Dr Bhaktiar's English text has removed derogatory references to Christians and Jews. It changes many of the most important words, even substituting the word "God" for "Allah", which she says is more inclusive. Most controversially, her Koran rejects the idea, in Chapter Four, verse 34, that men may beat their wives. "The word for "beat" has 25 meanings", she says. "We need to look therefore at what Muhammad did. He didn't beat but walked away. So why are we saying 'beat' when we can say 'go away' - which is what he did." Modern mosques Muslim women have also been demanding changes in the way mosques are run. Daisy Khan was among the designers contributing to the plans for Long Island Mosque in Westbury, a suburb of wide roads, trees and clap-boarded houses. She quickly discovered that the draft design confined women to a basement. "Women were out of sight... the design was done in such a way that women were supposed to be downstairs with no access to the main prayer space," she says. You're talking about a country [the US] which is based on the principles of freedom and democracy, equality, justice - all these are Islamic Imam Shamsi Ali

Now women worship in the prayer hall behind the men, a step that seems radically modern to some new immigrants. "There's no provision in Islam which says women can't pray in the same space," insists Ms Khan. "These are just traditions we've adopted over the years because of the practice in certain countries." Among the Sufi Muslims of the Nur Ashki Jerrahi order at their meeting in Yonkers, men and women mix freely. The spiritual director is a woman. Shaykha Fariha occasionally leads both men and women in prayers, an act which has scandalised traditionalists but which she says is appropriate in America. "In the West I'm more free about leading prayers" she says. "I think the tendency against it is mainly a cultural one." At the New York Islamic Cultural Centre, a group of high-spirited girls is studying alongside boys on a Saturday morning. The mosque's imam, Muhammad Shamsi Ali, says educating girls is vital to developing Islam in the West, and is true to Islam's original purpose. Girls at New York's Islamic Cultural Center are given opportunities to study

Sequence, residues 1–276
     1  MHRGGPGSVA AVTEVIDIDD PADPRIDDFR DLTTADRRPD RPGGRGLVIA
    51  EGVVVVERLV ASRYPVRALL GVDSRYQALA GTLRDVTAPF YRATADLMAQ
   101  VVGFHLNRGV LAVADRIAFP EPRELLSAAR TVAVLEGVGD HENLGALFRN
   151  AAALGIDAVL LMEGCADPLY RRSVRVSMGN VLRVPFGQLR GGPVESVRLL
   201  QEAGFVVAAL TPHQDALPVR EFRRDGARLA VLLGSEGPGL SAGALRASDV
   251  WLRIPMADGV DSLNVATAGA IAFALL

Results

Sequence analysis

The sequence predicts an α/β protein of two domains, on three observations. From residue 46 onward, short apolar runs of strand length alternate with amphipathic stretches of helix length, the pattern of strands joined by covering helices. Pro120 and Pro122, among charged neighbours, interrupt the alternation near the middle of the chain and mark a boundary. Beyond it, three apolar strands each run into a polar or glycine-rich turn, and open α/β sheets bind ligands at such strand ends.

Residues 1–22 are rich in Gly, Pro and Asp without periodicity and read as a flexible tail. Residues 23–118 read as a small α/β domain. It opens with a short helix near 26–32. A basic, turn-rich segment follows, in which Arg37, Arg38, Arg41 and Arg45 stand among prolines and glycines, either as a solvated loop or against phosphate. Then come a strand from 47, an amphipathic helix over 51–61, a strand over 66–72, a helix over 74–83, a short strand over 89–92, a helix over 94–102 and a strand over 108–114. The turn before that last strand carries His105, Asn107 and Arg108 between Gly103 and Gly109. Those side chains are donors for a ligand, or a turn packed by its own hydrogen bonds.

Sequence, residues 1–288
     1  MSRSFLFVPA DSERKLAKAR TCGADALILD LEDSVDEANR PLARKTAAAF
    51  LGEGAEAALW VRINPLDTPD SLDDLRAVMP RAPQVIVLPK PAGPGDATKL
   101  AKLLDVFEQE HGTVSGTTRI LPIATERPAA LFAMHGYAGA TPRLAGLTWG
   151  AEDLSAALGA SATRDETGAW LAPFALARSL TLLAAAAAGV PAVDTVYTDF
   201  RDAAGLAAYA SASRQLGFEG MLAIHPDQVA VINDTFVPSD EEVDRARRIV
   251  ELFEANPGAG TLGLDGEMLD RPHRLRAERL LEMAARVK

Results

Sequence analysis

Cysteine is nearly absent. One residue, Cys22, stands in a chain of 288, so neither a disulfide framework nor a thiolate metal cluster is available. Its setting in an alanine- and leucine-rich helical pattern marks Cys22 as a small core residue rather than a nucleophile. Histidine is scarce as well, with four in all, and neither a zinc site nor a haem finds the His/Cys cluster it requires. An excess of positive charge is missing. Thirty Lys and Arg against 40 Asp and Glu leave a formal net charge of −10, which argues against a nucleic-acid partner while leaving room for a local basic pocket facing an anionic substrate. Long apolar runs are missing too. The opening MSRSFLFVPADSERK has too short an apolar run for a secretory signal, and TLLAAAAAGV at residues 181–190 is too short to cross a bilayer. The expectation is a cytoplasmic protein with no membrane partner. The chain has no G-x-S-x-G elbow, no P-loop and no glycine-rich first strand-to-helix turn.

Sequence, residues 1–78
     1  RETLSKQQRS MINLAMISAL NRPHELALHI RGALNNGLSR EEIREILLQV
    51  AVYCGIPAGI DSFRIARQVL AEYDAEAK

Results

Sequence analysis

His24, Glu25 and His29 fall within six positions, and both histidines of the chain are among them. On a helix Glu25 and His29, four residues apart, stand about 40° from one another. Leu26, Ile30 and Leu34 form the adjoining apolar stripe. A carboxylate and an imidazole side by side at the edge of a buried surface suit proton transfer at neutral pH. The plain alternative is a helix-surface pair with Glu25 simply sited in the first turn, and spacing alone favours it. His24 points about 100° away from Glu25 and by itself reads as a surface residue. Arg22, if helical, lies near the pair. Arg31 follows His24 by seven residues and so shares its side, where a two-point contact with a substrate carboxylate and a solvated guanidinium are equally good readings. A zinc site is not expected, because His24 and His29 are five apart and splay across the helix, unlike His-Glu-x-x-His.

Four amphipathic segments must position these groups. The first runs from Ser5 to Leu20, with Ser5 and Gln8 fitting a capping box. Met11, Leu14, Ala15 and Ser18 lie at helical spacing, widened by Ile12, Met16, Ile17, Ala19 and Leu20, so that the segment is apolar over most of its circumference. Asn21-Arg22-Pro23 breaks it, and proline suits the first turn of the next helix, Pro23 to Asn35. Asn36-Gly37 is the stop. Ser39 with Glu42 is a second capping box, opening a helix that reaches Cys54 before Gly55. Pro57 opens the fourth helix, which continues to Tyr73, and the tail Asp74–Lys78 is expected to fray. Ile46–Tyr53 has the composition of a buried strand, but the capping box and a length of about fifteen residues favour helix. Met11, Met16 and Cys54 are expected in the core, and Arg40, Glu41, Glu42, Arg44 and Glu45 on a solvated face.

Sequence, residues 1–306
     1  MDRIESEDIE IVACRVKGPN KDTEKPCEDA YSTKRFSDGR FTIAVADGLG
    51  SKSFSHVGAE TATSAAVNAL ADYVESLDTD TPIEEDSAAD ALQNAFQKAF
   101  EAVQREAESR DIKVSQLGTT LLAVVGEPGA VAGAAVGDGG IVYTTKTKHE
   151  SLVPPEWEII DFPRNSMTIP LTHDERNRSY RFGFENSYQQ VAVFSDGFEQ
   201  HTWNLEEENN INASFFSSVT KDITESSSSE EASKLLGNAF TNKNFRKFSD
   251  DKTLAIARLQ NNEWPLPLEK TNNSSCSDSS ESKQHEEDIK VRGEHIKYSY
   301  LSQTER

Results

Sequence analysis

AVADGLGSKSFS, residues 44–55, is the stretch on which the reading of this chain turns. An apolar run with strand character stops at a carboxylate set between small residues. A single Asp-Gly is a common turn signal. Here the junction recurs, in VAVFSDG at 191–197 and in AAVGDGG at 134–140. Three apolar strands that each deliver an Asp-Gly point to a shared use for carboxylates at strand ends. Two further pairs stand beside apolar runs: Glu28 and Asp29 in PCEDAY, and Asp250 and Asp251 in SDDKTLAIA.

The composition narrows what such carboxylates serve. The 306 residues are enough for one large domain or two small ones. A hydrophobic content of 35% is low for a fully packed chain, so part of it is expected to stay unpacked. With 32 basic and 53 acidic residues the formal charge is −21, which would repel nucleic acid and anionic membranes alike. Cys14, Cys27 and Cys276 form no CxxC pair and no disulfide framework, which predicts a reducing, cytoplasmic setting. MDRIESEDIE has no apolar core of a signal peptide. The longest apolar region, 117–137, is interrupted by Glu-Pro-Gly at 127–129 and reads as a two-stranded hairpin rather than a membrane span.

"Prophet Mohammed stated clearly that women must learn - they must be equal to the male intellectually, they have to improve themselves intellectually," he says. Imam Shamsi Ali says he sees no incompatibility between the US and Islam. "You're talking about a country which is based on the principles of freedom and democracy, equality, justice - and all these are Islamic." Shaykha Fariha says that apart from these shared principles, Islam has what the founder of her order described as the ability to behave like water - taking on the shape of the vessel into which it is poured. She says Muslims in many parts of the world are shedding the cultural restrictions inherited from male-dominated and conservative societies. "Islam is undergoing a huge reformation and self questioning, and certainly 9/11 has [led to] people looking at their religion and asking what has led to this," she says. "So I think what we're seeing today within the Islamic tradition is comparable to the Christian reformation in the sense of the dimension of its impact on the religion, its impact on individuals and its impact on the world as a whole." Traditionalist critics say those who seek revolutionary change in Islam are diluting its teaching. They say that adapting the religion to contemporary mores progressively undermines its ability to give moral guidance to society. But the Akhtar family insist that their modern lifestyle in secular America does not stop them practising what they call "the beautiful values of Islam". Mona Akhtar, a lawyer, bubbles rose-flavoured smoke through an after-lunch shisha, and contemplates her emancipated sisters. "We're living examples of the importance of women taking a more active role in Islam," she says. "We're following the spirit of the Koran." :muddlehea
source:

http://news.bbc.co.uk/2/hi/americas/7265021.stm

:w:
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snakelegs
02-29-2008, 05:01 AM
In other cases, the project is surveying, reviewing, and clarifying the legal interpretations of authentic hadith
just wondering, do most islamic scholars consider it taboo to review or question the hadiths that have been classified as sahih?
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Malaikah
02-29-2008, 05:58 AM
Originally Posted by snakelegs
just wondering, do most islamic scholars consider it taboo to review or question the hadiths that have been classified as sahih?
Nope. The problem here is the way they make it sound like even if a hadith is authentic they wil reject it because it doesn't suit their desires.
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sevgi
02-29-2008, 06:35 AM
salams...

i havent even bothered reading the first few posts in this thread...i know what its full of...